Self-Driving Technology Enters GM’s Newest Cadillac Models
While the prices range, the Cadillac line of cars is always upscale and high-quality machines. They have a reputation for glamour and a Cadillac luxury sports car is a common sight at awards shows and major events.
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While many people will claim that self-driving cars are merely a pipe dream, or an impossible technology like something from The Jetsons cartoon, the possibility that “driverless” cars will start taking over the highways is actually becoming real. As the auto industry finally starts returning to its pre-recession health, researchers are finding new avenues in which to explore eco-friendly and consumer-friendly cars; while a great deal of attention has been focused on new hybrid and electric car models, many researchers have been directing their efforts to the futuristic driverless car. General Motors Co., in particular, has recently shared news regarding its autonomous prototype, and it appears that a real model could be released at early as 2017.
GM reports that their Cadillac CTS 2017 models will come equipped with wireless technology that will allow the cars to “talk” with one another and automatically avoid collisions with each other. Another (currently unidentified) Cadillac model, GM states, will come equipped with technology that allows the vehicle to accelerate, brake, and steer itself on the highway.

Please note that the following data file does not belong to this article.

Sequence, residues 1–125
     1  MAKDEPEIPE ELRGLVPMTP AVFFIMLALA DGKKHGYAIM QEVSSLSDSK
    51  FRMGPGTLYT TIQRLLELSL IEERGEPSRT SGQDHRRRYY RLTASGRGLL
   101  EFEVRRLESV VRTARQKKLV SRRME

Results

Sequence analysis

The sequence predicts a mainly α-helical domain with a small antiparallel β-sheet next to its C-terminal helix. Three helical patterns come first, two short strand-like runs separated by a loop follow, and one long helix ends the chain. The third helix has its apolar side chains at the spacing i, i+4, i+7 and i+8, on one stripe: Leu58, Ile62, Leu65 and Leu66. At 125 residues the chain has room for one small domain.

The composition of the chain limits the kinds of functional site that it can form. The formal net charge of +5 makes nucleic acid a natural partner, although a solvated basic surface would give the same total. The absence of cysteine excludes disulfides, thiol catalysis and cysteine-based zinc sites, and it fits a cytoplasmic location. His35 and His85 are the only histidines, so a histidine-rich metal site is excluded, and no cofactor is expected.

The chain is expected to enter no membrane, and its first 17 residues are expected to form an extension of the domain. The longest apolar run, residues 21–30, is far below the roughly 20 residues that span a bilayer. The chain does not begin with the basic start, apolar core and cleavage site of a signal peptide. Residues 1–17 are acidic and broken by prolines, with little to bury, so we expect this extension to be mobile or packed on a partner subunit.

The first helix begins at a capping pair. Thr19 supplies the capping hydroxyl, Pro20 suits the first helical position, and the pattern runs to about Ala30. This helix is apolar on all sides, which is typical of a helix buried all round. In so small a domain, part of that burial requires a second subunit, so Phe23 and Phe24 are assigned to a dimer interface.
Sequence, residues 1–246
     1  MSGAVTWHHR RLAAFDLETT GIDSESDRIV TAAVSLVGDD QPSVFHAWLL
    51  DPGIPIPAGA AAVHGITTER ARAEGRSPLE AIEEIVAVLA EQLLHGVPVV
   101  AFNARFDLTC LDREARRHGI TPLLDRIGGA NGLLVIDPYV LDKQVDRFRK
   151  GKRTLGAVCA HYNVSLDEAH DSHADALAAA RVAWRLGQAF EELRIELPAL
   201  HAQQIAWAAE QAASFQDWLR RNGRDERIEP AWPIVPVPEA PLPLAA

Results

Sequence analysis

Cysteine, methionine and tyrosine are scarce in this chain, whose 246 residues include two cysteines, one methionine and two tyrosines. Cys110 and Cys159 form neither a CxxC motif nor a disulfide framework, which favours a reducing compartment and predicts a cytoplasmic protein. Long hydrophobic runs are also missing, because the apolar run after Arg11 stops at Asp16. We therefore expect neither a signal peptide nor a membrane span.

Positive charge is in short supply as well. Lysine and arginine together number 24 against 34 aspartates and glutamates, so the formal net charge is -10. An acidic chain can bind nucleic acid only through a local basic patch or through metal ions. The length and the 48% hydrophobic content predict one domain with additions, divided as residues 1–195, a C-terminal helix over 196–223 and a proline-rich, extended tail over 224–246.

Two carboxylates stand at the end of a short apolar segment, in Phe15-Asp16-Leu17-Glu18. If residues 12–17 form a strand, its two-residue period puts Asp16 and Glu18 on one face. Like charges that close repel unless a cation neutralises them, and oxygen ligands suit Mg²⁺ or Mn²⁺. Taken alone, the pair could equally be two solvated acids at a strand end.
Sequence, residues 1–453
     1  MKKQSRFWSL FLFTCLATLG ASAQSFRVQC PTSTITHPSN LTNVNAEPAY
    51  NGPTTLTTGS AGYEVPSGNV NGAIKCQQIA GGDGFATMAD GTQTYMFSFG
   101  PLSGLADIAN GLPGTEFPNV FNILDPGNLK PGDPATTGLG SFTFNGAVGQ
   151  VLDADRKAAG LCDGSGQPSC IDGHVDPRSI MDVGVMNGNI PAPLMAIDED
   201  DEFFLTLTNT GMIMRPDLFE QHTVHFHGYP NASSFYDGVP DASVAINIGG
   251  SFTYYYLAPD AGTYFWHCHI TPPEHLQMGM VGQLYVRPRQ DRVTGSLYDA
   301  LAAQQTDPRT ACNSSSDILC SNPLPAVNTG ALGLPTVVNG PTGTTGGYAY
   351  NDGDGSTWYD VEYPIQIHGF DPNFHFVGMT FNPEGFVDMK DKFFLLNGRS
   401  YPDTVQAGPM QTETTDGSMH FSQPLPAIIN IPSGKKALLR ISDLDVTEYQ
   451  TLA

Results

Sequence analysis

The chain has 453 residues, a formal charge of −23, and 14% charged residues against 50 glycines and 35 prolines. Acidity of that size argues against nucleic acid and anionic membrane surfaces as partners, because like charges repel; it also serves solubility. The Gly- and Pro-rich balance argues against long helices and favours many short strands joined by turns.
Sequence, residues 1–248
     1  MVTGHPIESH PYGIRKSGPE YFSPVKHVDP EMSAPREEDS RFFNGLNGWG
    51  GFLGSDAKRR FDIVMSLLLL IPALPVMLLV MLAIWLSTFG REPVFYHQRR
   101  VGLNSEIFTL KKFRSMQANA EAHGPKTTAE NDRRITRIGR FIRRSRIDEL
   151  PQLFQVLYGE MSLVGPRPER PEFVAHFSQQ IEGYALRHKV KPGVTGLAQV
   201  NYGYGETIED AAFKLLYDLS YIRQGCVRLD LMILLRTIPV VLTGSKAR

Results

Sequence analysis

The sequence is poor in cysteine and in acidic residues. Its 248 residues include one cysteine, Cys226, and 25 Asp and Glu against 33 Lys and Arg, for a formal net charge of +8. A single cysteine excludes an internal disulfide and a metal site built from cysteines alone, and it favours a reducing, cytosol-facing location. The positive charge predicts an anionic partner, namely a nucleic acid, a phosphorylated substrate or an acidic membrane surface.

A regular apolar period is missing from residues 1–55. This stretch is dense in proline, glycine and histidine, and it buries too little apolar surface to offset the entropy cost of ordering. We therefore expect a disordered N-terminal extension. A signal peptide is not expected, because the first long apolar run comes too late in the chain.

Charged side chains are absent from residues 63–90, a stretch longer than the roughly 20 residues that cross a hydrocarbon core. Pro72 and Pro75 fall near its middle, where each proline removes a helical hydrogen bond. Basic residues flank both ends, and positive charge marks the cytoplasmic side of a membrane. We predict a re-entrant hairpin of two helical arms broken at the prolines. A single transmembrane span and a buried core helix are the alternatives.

The news was released at the 2014 Intelligent Transport Systems World Congress in Detroit in early September, where thousands of researchers met to discuss new technologies that will make autonomous cars a real possibility in the near future. Industry experts note that cars that are both fully autonomous and affordable for the average consumer aren’t expected to enter the auto industry immediately, but that research is expected to continue at a strong pace.
Many Americans are still reeling from the recession of the early 2000s, and considering that the auto industry was hit particularly hard by the economic downturn, it may come as a surprise that the industry has been strong enough to develop autonomous cars. According to Edmunds, however, car sales have been incredibly high, and new car sales alone have accounted for about 29% of all car sales in recent years. When it comes to futuristic Jetsons-esque cars, it appears that consumers and researchers alike are ready to make these cars a reality, sooner rather than later.